Faith Community Christian Reformed Church in Wyoming, Mich., recently celebrated its 100th anniversary.
The congregation celebrated its centennial with a Saturday-night banquet attended by about 300 people, concluding with two worship services the following day with special music at both services. Ephesians 3:20-21 was the Scriptural theme: “Now to him who is able to do immeasurably more than all we ask or imagine, according to his power that is at work within us, to him be glory in the church and in Christ Jesus throughout all generations, forever and ever.” (NIV)
“We’re asking, what do we do next? How do we reach our community for Jesus Christ? How do we reach our neighbors?” said Roger Groenboom, who has been senior pastor at Faith CRC for the past 12 years. “That’s been a big emphasis of late.”
Faith Community has participated in the Church Renewal Lab, a two-year process supported in part by the CRC, that seeks to help churches refresh their mission focus. The congregation’s outreach efforts include hosting a monthly worship service at Mel Trotter Ministries, a shelter for the homeless in Grand Rapids, Mich., as well as a program known as “Laundry Love.”
“We go to a local laundromat and just pass out quarters (so people can put them in the washing machines),” Groenboom said. “We hand out detergent, too.”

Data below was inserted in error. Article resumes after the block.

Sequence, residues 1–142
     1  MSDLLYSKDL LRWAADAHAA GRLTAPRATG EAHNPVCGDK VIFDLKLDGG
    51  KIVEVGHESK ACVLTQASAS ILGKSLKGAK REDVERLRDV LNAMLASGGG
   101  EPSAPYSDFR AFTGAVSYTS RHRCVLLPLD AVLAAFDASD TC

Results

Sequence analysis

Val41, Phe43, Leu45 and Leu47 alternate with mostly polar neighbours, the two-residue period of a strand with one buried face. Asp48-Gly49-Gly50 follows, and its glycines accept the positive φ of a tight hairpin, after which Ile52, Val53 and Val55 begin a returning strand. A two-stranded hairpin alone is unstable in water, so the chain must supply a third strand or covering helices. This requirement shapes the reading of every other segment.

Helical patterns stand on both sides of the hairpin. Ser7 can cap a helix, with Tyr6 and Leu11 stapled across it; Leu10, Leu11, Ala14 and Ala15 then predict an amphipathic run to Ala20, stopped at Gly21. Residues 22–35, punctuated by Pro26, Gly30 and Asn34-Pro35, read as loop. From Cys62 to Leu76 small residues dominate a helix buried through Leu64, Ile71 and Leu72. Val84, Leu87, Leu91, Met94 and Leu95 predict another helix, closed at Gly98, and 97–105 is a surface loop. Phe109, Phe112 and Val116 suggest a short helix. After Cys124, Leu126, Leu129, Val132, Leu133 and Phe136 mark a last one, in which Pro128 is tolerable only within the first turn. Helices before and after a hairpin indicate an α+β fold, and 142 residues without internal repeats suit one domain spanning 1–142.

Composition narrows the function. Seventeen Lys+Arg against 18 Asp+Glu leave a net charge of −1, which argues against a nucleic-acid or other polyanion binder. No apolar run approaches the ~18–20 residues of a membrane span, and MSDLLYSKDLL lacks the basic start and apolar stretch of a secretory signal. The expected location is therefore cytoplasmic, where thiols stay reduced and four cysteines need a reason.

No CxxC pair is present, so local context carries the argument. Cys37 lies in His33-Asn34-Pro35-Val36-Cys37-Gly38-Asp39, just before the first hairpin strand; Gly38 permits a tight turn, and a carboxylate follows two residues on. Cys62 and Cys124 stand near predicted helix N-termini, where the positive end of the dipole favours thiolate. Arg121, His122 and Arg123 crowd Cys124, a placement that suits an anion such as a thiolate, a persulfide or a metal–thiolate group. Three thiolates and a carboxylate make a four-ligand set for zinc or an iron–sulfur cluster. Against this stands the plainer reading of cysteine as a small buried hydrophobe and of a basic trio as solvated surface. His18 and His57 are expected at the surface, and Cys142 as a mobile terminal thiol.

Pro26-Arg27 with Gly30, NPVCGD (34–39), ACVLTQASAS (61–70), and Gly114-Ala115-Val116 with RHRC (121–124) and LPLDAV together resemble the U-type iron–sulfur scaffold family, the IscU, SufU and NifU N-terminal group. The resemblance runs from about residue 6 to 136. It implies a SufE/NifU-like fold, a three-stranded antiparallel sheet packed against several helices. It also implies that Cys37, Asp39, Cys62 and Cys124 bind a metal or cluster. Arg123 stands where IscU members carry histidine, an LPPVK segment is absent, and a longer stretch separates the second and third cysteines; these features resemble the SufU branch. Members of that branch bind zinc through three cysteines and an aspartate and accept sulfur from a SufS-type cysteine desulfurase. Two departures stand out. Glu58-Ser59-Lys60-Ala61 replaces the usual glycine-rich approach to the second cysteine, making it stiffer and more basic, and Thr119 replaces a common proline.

The congregation got its start in 1918 as Wyoming Park CRC, with nine families. In its early days, the church owned a Ford Model T that the pastor used for transportation. In 1928, a newly constructed building for the church was destroyed by fire and the congregation had to rebuild.
In 1993, the congregation decided to build a new worship center three miles to the south, in an area that was largely farmland at the time. The area has since been developed with subdivisions and shopping centers nearby. Construction took 10 months to complete, and the first service took place Easter Sunday, 1994. It was then that the church was renamed Faith Community CRC.
Along the way, Wyoming Park/Faith has generated four daughter churches.
“There’s still work to be done here,” Groenboom said. “We can’t rest on our laurels. We need to continue to find creative ways to reach out to our community.”
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